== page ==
results from the accumulation of free radical species
inside the cell, Free radicals are molecules with
an impaired electron. This makes them very unstable
molecules that react quickly with neighboring molecules
from which they try to steal the missing electron.
Once started, the process may generate a cascade
of oxidation reactions ending in serious damage to
the cell. Free radicals arise spontaneously
during normal metabolic activities so the cell has
evolved antioxidant defenses to handle them.
But the cell defense system may become overwhelmed
by excessive oxidative assaults generated by environmental
factors or in the course of illness. Mitochondrial
dysfunction can further exacerbate this oxidative
stress phenomenon by releasing additional oxidants.
Signs of oxidative stress involvement
in CFS include a high level of oxidative damage to
DNA and lipids, as seen in biopsy samples of patients
with CFS (Fulle, 2000). Reduced oxidative metabolism
(McCully, 1996) and mitochondrial abnormalities in
CFS (Behan, 1991) also support a mitochondrial defect
as a contributor. Moreover, since mitochondria
supply energy to the cell through oxidative phosphorylation,
the lower level of ATP that results from a low mitochondrial
activity may explain the low exercise capacity reported
in patients with CFS (Lane, 1998).
Fatigue is a frequent complaint
in psychological disorders. Conversely, a long
lasting fatigue can generate emotional problems and
be a source of anxiety. In CFS, psychological
distress and depression are commonly seen (Katon,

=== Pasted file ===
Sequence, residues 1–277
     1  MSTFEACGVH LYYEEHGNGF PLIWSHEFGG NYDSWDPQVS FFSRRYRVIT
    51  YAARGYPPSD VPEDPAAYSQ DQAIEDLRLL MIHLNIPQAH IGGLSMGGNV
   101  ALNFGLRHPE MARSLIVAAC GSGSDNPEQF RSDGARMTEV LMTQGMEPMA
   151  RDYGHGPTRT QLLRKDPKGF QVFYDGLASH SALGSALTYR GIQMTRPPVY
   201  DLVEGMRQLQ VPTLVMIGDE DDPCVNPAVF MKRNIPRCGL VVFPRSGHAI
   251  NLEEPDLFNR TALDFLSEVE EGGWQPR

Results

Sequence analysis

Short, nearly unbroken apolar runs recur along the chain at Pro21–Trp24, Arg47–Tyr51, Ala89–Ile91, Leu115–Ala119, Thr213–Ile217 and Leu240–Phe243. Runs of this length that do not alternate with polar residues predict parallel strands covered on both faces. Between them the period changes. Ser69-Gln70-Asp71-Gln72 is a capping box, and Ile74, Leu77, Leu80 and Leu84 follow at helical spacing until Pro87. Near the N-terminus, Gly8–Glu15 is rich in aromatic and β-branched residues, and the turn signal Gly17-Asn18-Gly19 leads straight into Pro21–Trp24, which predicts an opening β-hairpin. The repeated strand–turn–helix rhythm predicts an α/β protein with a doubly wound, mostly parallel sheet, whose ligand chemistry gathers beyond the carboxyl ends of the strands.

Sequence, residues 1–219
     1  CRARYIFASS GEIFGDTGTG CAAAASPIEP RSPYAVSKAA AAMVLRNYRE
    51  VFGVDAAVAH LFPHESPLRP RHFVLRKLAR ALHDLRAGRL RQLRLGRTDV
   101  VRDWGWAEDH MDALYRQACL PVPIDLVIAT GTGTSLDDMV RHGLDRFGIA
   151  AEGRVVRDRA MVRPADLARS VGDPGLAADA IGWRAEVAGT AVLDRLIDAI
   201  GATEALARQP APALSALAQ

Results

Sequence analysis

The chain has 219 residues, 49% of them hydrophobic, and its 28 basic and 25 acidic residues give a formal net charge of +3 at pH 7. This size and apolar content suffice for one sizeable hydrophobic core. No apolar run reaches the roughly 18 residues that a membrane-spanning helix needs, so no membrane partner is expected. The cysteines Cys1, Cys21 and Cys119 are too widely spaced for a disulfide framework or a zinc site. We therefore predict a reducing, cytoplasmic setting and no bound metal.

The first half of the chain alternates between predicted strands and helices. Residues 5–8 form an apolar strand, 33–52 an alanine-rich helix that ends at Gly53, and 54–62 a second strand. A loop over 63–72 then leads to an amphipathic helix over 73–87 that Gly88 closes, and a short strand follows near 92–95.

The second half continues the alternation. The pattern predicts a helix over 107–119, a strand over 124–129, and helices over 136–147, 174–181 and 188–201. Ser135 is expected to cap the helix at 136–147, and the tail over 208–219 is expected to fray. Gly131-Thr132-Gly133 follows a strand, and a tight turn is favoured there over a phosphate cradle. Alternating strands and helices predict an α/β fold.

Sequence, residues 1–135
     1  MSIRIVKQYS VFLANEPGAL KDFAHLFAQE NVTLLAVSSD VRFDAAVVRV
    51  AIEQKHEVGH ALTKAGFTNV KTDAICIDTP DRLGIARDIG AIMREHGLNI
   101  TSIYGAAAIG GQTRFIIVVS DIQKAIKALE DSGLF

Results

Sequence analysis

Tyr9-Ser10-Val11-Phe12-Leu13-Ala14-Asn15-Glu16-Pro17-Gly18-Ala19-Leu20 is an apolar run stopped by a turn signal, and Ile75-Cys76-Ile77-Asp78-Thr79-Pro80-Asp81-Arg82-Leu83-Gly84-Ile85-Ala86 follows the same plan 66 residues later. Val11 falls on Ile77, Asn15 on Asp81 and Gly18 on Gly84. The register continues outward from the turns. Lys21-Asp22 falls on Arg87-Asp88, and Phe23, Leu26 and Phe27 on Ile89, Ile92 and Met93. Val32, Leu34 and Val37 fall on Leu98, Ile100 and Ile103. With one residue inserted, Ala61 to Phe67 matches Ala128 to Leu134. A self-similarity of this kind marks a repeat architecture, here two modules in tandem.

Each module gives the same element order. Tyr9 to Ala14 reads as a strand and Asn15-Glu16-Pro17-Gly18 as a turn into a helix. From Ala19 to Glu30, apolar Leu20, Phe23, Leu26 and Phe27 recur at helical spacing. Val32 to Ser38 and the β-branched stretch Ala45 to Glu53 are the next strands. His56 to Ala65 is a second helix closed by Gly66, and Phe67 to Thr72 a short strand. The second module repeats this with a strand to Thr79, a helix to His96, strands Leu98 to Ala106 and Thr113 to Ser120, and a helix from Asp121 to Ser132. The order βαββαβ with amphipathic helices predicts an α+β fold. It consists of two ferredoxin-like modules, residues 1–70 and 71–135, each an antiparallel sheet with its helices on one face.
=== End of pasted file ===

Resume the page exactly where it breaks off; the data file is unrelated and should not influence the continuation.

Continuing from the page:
1993). Whether this is a cause or a consequence
of chronic fatigue can be debated. In any case,
psychological wellbeing should be addressed in the
management of CFS since it may exacerbate and/or perpetuate
Some of the biological and physiological
parameters known to be involved in CFS etiology, such
as hormonal and immunological functions as well as
aerobic capacity, are heritable and a growing number
of studies point toward a genetic influence on chronic
fatigue. For example, in one study, specific
HLA antigens (HLA-D03 and HLA-DR5) were found in association
with CFS (Keller, 1994). Moreover natural
killer cell dysfunction was reported in siblings with
CFS (Levine, 1996). A high incidence of auto-antibodies
against specific phospholipids and gangliosides is
also found in families where CFS runs (Klein, 1995).
Globally these findings are interpreted as
signs of an inherited predisposition to CFS.
A recent twin study estimated the liability of CFS
to be around 19% (Buchwald, 2001). Nevertheless,